As bitcoin’s pricing goes up and down as usual – almost $18,000 today (who bought a few for a $1?) – it seems like the world is moving towards cryptocurrencies, as they are now respectable.
They’re not respectable in the eyes of governments and banks …
Bitcoin has no role in institutional or retail investors portfolios. It is not a currency: not an unit of account, not a scalable means of payment & is a highly volatile store of value. It is heavily manipulated: look at the investigation of Bitfinex by US law enforcement. 1/n
— Nouriel Roubini (@Nouriel) November 26, 2020
… but they are respectable in the eyes of PayPal, Square and FinTech firms.
PayPal has actually made great strides in recent times to grab a bit of the cryptospace, having lost out to Coinbase and other exchanges. In fact, many believe that PayPal’s entry into the bitcoin and crypto space is having a serious impact on the price.
In a report by crypto investment firm Pantera Capital, they state that a Bitcoin shortage is at the heart of the recent price surge and that the majority of newly minted BTC is being scooped up by PayPal. PayPal’s crypto service is “having a huge impact,” Pantera claims, adding that the payment merchant is snatching up roughly 70% of all the new BTC in circulation.
Then there were also movements by a number of key players from PayPal to Square to Mode to hold bitcoin as part of their treasury reserves.
And then there’s more than this. For example, a Citibank report predicts that bitcoin’s price could exceed $300,000 each next year …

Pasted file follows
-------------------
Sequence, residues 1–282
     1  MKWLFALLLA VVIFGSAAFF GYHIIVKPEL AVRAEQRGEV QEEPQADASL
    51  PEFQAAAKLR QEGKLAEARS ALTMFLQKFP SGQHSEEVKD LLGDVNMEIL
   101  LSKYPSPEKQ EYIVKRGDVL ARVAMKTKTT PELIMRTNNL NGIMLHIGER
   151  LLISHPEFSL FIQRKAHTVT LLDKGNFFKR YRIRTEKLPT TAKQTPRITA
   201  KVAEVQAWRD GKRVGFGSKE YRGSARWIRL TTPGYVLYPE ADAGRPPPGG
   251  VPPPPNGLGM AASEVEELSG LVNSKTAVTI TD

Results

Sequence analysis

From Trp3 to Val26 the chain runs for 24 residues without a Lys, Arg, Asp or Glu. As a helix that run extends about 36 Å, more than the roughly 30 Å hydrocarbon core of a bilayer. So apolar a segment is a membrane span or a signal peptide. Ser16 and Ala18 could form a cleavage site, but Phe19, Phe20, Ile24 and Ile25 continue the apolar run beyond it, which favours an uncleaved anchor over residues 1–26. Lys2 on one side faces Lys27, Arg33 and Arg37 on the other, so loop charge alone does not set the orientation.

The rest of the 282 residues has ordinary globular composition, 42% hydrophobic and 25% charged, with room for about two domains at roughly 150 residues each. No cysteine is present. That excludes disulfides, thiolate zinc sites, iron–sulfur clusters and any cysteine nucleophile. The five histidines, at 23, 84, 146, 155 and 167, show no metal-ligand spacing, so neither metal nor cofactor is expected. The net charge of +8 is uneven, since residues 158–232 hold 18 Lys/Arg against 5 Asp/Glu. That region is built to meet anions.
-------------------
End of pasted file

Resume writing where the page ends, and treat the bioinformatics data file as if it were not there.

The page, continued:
Citibank bitcoin technical analysis.
Target: Moon. pic.twitter.com/prB1YjVNhX
— Alex (@classicmacro) November 13, 2020
Don’t you wish you had a coin like me? Dontcha? Dontcha?
All of this is giving kudos to the crypto space, but I always come back to the basic question: what does it mean to the person on the street? Or, if you prefer, what does it mean to the man on the Clapham Omnibus.
Nothing at all by the look of it. Not only is crypto hard to buy and hard to use, but it is also backed by nothing but the network. That’s how it seems anyway. Yet, under the hood, those who know what they’re talking about are clearly stating that this is the future of global currency.
You can make your own mind, but the rally towards bitcoin is not unfounded. Tom Fitzpatrick, the Citibank analyst, writes:
Bitcoin is the new gold
It is an asset with limited supply. It is digital. It moves across borders easily and its ownership is opaque.
I’ve been circling around this area for years and have committed to ownership of crypto. I still find it hard to get my head around, as I think a currency has to have an asset behind it. What is the asset that is behind bitcoin? That is the fundamental question I always come back to.
Anyway, PayPal’s commitment to include bitcoin and cryptocurrency in its online wallets has changed the game but, if you want a better way of dealing with crypto, I would personally recommend Mode (disclaimer: I’m on their advisory board).
Funnily enough, I wrote this on the same day as respected academic and historian Niall Ferguson said the same thing on Bloomberg: